For Entrepreneurship Leaders at U-M, a Balance Between Teaching Innovation and Capitalizing On It
Timothy Faley, the managing director of the University of Michigan’s Samuel Zell and Robert H. Lurie Institute or Entrepreneurial Studies, has a unique way of measuring his job performance.
“It’s always turbulent at the wave front,” he says. “I know I’m doing my job when I feel the tension.”
And indeed, according to Faley, the tension between his center’s practical approach to education and the more theoretical method valued by many in academe is constant, but that hasn’t stopped Faley and others at U-M from promoting a culture of entrepreneurship on campus. In the last four or five years, U-M’s entrepreneurial ecosystem has exploded, thanks in large part to programs like Zell Lurie, and university officials committed to faculty and student innovation. But leaders in U-M’s startup community say there’s still more work to be done.
Faley says one of the main obstacles his center has come up against in fostering a culture of entrepreneurship is actually one of the strengths of U-M
“The schools and colleges are very strong and independent and on the one hand that’s what makes it a great institution,” he says. “That’s all fine and good but when you want to do entrepreneurship, and you want to do it cross-culturally, and you want to integrate all institutions and all colleges, it becomes a challenge.”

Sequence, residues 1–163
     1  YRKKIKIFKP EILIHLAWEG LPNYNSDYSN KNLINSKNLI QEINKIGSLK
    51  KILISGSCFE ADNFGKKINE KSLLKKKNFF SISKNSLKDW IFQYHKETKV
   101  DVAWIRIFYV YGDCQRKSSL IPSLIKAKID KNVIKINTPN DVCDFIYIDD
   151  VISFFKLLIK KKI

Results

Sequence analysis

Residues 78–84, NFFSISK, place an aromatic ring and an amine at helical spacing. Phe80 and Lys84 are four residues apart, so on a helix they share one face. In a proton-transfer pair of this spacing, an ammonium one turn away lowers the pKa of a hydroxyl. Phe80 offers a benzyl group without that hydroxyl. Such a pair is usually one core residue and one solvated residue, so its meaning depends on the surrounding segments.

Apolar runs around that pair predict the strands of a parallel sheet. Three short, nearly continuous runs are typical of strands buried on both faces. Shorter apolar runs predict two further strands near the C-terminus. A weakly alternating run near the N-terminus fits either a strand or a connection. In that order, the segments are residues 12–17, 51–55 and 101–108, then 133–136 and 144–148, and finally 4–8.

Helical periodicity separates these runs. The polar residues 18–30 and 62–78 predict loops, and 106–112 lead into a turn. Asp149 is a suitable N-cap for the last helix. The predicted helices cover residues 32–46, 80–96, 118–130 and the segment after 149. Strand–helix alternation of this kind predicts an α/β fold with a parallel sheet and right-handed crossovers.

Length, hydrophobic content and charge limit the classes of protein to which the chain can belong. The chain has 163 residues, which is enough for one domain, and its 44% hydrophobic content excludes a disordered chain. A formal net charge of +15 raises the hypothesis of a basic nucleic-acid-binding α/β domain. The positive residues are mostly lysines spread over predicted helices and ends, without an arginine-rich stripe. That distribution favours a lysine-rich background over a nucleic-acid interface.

Faley says his center has already had significant success breaking down cross-college barriers. The institute, which is housed in the business school, works with U-M’s Center for Entrepreneurship in the College of Engineering, U-M’s Medical Innovation Center, and other institutions to offer interdisciplinary courses focused on entrepreneurship and partnering to bring new technologies to commercialization and help the startup community grow.
Faley say his institute’s approach is to have students work on creating real companies with the ultimate goal of learning the process of taking an idea to commercialization. “We want to arm them with the skills to identify an opportunity and figure out how to frame that opportunity and how to create an actionable plan to attract the resources that you need,” he says.
Faley says it’s not realistic to expect a student to still be working with a company she launched as an undergraduate or MBA student 30 or 40 years down the line, which is why his goal is to graduate more students than companies. He added that many of his students don’t necessarily go on to develop their own companies after graduation, but the skills that they’ve learned help them to be innovators within larger companies.
“We want to teach them how to form many businesses as opposed to coaching them to the formation of one,” he says.
That said, Faley, believes that students learn better when working on real companies as opposed to theoretical business plans. “They learn so much more when its real and the intensity is so much great when its theirs,” he says. “We’ll use your idea as a platform for learning and if that idea ends up spinning out as a successful company that’s fabulous.”